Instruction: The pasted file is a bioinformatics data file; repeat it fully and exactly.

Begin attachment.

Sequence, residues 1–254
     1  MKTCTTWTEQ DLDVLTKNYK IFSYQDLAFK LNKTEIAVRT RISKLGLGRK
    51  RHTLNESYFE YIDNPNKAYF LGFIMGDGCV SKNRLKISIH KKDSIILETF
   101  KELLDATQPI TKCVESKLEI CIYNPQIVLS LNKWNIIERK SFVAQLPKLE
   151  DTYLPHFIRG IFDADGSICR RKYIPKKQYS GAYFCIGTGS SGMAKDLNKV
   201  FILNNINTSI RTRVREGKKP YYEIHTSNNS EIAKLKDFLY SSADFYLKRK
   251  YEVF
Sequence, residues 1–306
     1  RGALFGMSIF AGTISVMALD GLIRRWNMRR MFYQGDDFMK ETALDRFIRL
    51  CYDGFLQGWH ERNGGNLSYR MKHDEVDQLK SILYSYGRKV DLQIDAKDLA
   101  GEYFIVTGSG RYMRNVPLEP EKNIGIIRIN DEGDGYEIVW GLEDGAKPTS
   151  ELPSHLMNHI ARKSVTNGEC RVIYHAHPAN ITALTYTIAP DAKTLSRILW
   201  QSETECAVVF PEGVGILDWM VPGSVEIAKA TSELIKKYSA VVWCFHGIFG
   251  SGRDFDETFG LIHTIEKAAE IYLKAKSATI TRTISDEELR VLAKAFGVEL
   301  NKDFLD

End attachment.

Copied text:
Sequence, residues 1–254
     1  MKTCTTWTEQ DLDVLTKNYK IFSYQDLAFK LNKTEIAVRT RISKLGLGRK
    51  RHTLNESYFE YIDNPNKAYF LGFIMGDGCV SKNRLKISIH KKDSIILETF
   101  KELLDATQPI TKCVESKLEI CIYNPQIVLS LNKWNIIERK SFVAQLPKLE
   151  DTYLPHFIRG IFDADGSICR RKYIPKKQYS GAYFCIGTGS SGMAKDLNKV
   201  FILNNINTSI RTRVREGKKP YYEIHTSNNS EIAKLKDFLY SSADFYLKRK
   251  YEVF
Sequence, residues 1–306
     1  RGALFGMSIF AGTISVMALD GLIRRWNMRR MFYQGDDFMK ETALDRFIRL
    51  CYDGFLQGWH ERNGGNLSYR MKHDEVDQLK SILYSYGRKV DLQIDAKDLA
   101  GEYFIVTGSG RYMRNVPLEP EKNIGIIRIN DEGDGYEIVW GLEDGAKPTS
   151  ELPSHLMNHI ARKSVTNGEC RVIYHAHPAN ITALTYTIAP DAKTLSRILW
   201  QSETECAVVF PEGVGILDWM VPGSVEIAKA TSELIKKYSA VVWCFHGIFG
   251  SGRDFDETFG LIHTIEKAAE IYLKAKSATI TRTISDEELR VLAKAFGVEL
   301  NKDFLD